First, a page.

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Caspases are intracellular proteases that mediate mammalian cell apoptosis. Caspase-1 (Casp-1) is a unique caspase because it activates the proinflammatory cytokines interleukin (IL)-1beta and IL-18. Shigella flexneri, the etiological agent of bacillary dysentery, induces macrophage apoptosis, which requires Casp-1 and results in the release of mature(More)
Shigella, a Gram-negative invasive enteropathogenic bacterium, causes the rupture, invasion and inflammatory destruction of the human colonic epithelium. This complex and aggressive process accounts for the symptoms of bacillary dysentery. The so-called invasive phenotype of Shigella is linked to expression of a type III secretory system (TTSS) injecting(More)
The T cell response to Shigella, the causative agent of bacillary dysentery, remains poorly understood. Using a murine model of infection, we report that Shigella flexneri primes predominately IL-17A- and IL-22-producing Th17 cells. Shigella-specific Th1 cells are only significantly induced on secondary infection, whereas specific Th2 and CD8(+) T cells are(More)
To determine the role of humoral mucosal immune response in protection against shigellosis, we have obtained a monoclonal dimeric immunoglobulin A (IgA) antibody specific for Shigella flexneri serotype 5a lipopolysaccharide (mIgA) and used a murine pulmonary infection model that mimics the lesions occurring in natural intestinal infection. Adult BALB/c mice(More)
The invasion plasmid antigen B (IpaB), a 62-kDa plasmid-encoded protein associated with the ability of shigellae to invade epithelial cells, is the bacterial antigen most strongly and consistently recognized by the host during infection. The strong systemic and mucosal immune responses observed against this invasin prompted us to map its B-cell epitopes.(More)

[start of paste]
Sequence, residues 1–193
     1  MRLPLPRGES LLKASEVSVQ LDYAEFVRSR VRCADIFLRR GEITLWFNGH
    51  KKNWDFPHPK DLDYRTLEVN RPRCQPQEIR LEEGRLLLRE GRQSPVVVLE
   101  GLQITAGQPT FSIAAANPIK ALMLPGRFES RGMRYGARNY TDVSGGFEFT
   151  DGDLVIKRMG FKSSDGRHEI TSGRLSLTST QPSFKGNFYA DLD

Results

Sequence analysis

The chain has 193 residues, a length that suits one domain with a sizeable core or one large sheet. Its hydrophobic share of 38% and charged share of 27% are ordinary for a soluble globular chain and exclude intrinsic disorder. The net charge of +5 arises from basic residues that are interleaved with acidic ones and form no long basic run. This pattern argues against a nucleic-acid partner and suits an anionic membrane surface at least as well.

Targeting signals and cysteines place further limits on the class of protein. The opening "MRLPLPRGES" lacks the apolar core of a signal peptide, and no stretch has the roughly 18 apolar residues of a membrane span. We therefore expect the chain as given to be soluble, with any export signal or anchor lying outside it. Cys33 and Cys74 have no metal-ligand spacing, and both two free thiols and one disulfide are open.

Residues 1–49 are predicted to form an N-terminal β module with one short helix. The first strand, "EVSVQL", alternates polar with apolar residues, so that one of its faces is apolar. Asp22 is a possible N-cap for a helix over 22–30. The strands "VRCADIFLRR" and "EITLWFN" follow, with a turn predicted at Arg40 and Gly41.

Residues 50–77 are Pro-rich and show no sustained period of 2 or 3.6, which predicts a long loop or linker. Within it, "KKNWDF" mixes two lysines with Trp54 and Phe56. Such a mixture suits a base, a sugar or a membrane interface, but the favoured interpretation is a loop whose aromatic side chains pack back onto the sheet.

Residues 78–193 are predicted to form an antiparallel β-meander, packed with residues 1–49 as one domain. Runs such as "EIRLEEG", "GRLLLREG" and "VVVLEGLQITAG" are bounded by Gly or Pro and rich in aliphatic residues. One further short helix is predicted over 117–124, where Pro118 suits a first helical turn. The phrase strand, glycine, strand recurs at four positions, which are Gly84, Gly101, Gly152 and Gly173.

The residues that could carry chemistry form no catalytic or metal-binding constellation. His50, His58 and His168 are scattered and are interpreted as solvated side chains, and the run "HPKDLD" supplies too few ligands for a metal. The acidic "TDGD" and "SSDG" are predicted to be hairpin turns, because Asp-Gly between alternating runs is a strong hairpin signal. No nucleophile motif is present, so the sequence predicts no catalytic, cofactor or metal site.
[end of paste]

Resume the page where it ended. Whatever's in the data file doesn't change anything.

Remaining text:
Following several decades of research, there is not yet a convincing vaccine against shigellosis. It is still difficult, in spite of the breadth of strategies (i.e. live attenuated oral, killed oral, subunit parenteral) to select an optimal option. Two approaches are clearly emerging: (i) live attenuated deletion mutants based on rational selection of genes(More)
BACKGROUND Shigella species are invasive human pathogens that cause acute rectocolitis by triggering a dysregulated inflammatory reaction in the colonic and rectal mucosa. Because mice are naturally resistant to shigellosis, there is no mouse model that mimics human disease. We explore the susceptibility of intestinal flora-depleted mice to shigellosis(More)
Shigella, the Gram-negative enteroinvasive bacterium that causes shigellosis, relies on its type III secretion system (TTSS) and injected effectors to modulate host cell functions. However, consequences of the interaction between Shigella and lymphocytes have not been investigated. We show that Shigella invades activated human CD4(+) T lymphocytes. Invasion(More)
Shigella, a Gram-negative invasive enteropathogenic bacterium responsible for bacillary dysentery, causes the rupture, invasion, and inflammatory destruction of the human colonic mucosa. We explored the mechanisms of protection mediated by Shigella LPS-specific secretory IgA (SIgA), the major mucosal Ab induced upon natural infection. Bacteria, SIgA, or(More)
Secretory immunoglobulin (Ig) A (SIgA) is essential in protecting mucosal surfaces. It is composed of at least two monomeric IgA molecules, covalently linked through the J chain, and secretory component (SC). We show here that a dimeric/polymeric IgA (IgA(d/p)) is more efficient when bound to SC in protecting mice against bacterial infection of the(More)